SABMiller chairman Graham Mackay. (AP)

Graham Mackay, the SABMiller chairman who helped guide the company from a South African industrial conglomerate into one of the world’s biggest brewers, died Wednesday in Hampshire, England. He was 64.

The cause was a brain tumor, the company said.

Mr. Mackay helped lead the company, originally South African Breweries, through some of its most dramatic recent moments, beginning in the early 1990s when the late Nelson Mandela’s release from prison led to a lifting of sanctions on South Africa and offered the potential for the company to expand internationally. It has grown to own such brands as Miller and Foster’s.

Mr. Mackay “is the man who took South African Breweries from being a parochial South African company, if you like . . . and built it into being a first-class brewer,” said Roy Summers, chairman of the advisory board for the International Center for Brewing and Distilling at Heriot-Watt University in Scotland. “He knew the company would go nowhere if it just remained a South Africa company.”

The beer business in Europe was dominated by the likes of Guinness and Heineken, but South African Breweries took advantage of the opening offered by the fall of the Berlin Wall to sweep into Eastern Europe and pick up assets on the cheap. Its growth also stretched to other African countries, including Mozambique, and to Asia.

But Mr. Mackay recognized that South African exchange controls and a depreciating rand constrained the company’s ambitions.

The company opted to return its corporate center to London, and Mr. Mackay became chief executive of South African Breweries upon its listing on the London Stock Exchange in 1999.

Meanwhile, he kept shopping. The company bought Czech Republic brewer Plzensky Prazdroj, maker of Pilsner Urquell, in 1999. Mr. Mackay led the purchase of Miller Brewing in the United States in 2002 and his company’s subsequent renaming as SABMiller PLC.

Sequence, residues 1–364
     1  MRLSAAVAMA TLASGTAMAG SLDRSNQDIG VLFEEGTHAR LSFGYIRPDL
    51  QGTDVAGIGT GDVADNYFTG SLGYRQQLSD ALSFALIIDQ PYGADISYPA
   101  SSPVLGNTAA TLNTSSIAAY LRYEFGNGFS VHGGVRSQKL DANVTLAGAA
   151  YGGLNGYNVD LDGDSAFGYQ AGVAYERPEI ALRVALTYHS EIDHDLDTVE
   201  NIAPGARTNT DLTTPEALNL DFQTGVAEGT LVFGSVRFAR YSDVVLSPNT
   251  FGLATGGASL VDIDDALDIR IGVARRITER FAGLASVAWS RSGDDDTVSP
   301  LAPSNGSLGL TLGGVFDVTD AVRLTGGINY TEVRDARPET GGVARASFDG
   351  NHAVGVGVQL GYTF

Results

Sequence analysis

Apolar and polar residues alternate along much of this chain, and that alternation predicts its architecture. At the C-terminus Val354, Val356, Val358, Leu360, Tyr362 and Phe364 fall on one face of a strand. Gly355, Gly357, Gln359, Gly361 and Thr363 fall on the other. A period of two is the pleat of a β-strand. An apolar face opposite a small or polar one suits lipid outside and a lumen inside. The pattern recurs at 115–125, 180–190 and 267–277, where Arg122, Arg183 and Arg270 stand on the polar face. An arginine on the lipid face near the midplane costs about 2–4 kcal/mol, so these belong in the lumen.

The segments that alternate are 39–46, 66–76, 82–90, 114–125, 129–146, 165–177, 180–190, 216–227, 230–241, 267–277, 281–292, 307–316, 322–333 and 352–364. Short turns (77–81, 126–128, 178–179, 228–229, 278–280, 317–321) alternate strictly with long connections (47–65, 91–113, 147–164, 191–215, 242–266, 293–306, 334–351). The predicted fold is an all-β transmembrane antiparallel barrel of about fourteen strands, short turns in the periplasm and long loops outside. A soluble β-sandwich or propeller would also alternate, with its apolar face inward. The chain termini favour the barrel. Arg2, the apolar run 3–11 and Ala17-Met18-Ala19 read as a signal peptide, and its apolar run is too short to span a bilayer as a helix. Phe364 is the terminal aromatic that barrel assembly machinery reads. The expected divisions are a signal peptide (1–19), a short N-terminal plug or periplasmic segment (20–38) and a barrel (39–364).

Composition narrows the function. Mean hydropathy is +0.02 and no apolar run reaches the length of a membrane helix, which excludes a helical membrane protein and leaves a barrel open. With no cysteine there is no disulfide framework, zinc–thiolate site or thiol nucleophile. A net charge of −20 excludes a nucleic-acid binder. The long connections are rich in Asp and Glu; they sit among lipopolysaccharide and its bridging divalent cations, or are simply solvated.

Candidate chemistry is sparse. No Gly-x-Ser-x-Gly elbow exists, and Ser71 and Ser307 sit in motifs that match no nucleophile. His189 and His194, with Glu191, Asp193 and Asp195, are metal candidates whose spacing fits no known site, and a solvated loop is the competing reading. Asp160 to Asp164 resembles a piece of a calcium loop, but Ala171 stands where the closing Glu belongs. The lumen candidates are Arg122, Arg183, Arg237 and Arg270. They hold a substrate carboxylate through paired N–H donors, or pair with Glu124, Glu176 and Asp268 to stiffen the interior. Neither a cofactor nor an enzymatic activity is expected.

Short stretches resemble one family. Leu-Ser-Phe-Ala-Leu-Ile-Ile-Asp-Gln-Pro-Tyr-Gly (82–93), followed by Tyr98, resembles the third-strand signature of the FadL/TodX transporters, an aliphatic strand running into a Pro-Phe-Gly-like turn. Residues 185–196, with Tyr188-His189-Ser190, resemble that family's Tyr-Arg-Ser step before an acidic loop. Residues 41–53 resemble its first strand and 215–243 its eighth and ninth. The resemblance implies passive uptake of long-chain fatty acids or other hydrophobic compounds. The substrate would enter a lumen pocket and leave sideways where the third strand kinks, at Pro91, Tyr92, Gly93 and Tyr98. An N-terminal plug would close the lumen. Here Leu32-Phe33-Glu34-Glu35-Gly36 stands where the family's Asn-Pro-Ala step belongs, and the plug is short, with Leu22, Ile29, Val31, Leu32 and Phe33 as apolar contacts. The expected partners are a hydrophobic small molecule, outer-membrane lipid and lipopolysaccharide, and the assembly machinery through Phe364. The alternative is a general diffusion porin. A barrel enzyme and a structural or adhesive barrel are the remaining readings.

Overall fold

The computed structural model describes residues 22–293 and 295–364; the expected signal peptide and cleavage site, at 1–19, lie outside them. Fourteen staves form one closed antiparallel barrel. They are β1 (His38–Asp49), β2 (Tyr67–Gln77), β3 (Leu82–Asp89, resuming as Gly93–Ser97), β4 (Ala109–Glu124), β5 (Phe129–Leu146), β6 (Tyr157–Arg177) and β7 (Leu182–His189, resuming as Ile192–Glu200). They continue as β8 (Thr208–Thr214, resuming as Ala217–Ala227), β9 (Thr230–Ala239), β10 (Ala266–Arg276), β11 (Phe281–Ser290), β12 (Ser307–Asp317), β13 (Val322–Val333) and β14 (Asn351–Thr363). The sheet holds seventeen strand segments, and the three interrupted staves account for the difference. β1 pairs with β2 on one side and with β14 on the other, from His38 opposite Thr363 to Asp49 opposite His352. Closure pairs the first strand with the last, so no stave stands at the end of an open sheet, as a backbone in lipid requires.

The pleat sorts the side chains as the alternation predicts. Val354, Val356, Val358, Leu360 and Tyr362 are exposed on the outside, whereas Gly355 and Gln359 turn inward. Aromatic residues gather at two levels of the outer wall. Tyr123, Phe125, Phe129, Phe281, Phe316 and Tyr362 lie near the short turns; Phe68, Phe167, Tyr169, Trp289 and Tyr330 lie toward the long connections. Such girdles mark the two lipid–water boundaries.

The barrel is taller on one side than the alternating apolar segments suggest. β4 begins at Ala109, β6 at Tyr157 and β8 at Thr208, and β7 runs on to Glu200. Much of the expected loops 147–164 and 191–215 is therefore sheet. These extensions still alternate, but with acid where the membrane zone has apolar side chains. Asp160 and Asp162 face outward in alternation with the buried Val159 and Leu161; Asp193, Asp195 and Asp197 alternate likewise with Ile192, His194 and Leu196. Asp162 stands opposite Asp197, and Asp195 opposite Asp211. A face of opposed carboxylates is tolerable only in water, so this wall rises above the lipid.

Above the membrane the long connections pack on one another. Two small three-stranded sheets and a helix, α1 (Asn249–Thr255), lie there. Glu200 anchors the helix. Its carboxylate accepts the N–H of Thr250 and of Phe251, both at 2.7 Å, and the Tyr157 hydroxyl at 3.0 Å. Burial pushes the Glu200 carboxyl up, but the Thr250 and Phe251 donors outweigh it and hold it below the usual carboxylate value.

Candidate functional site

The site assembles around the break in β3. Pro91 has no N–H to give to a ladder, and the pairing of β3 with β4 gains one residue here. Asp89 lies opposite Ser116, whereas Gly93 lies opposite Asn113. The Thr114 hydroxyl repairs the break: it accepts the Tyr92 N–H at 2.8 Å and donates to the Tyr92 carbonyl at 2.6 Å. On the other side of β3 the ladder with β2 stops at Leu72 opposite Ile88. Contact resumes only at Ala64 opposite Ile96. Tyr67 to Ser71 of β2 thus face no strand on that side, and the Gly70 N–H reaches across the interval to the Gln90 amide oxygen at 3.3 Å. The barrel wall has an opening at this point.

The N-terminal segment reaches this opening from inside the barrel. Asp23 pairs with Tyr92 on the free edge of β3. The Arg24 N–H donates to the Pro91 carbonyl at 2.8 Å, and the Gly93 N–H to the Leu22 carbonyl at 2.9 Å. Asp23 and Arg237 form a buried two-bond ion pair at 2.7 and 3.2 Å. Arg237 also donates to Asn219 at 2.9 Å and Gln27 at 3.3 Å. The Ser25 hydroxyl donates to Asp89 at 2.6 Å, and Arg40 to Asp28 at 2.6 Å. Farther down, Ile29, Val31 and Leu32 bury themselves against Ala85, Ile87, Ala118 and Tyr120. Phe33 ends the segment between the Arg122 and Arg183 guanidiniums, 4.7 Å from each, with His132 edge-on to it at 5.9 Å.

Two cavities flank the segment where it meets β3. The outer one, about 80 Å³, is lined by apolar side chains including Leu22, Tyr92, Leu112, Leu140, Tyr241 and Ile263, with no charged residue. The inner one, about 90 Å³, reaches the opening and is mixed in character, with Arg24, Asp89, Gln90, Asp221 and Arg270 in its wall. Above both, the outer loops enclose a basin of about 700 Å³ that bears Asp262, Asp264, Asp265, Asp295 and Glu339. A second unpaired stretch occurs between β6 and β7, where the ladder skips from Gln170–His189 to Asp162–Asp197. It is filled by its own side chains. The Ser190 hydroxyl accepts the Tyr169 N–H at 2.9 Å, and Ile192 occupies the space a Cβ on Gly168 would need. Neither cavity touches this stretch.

He also was instrumental in the joint venture between SABMiller and Molson Coors in 2008, the purchase of the Andean brewer Bavaria in 2005 and the acquisition of Foster’s in Australia in 2011.

SABMiller now has 200 brands and 70,000 employees in 75 countries.

The rise of the company paralleled to the ambitions of many in South African business who were eager to move past the stigma of sanctions and take a place in the international community. The low-key Mr. Mackay is credited with building a strong team, including several South Africans in senior roles.

“There would be the realization that they had to get on the world stage to achieve their ambition,” Summers said. “By getting on the world stage they would make more money — and invest it into South Africa.”

Ernest Arthur Graham Mac­kay was born July 26, 1949, in Johannesburg and grew up in South Africa, Swaziland and Rhodesia (now Zimbabwe).

He earned degrees from the University of the Witwatersrand in 1972 and the University of South Africa in 1977. Mr. Mackay joined South African Breweries when he was 28, managing computer processing.

He underwent surgery for a brain tumor in April.

A complete list of survivors was unavailable.

— Associated Press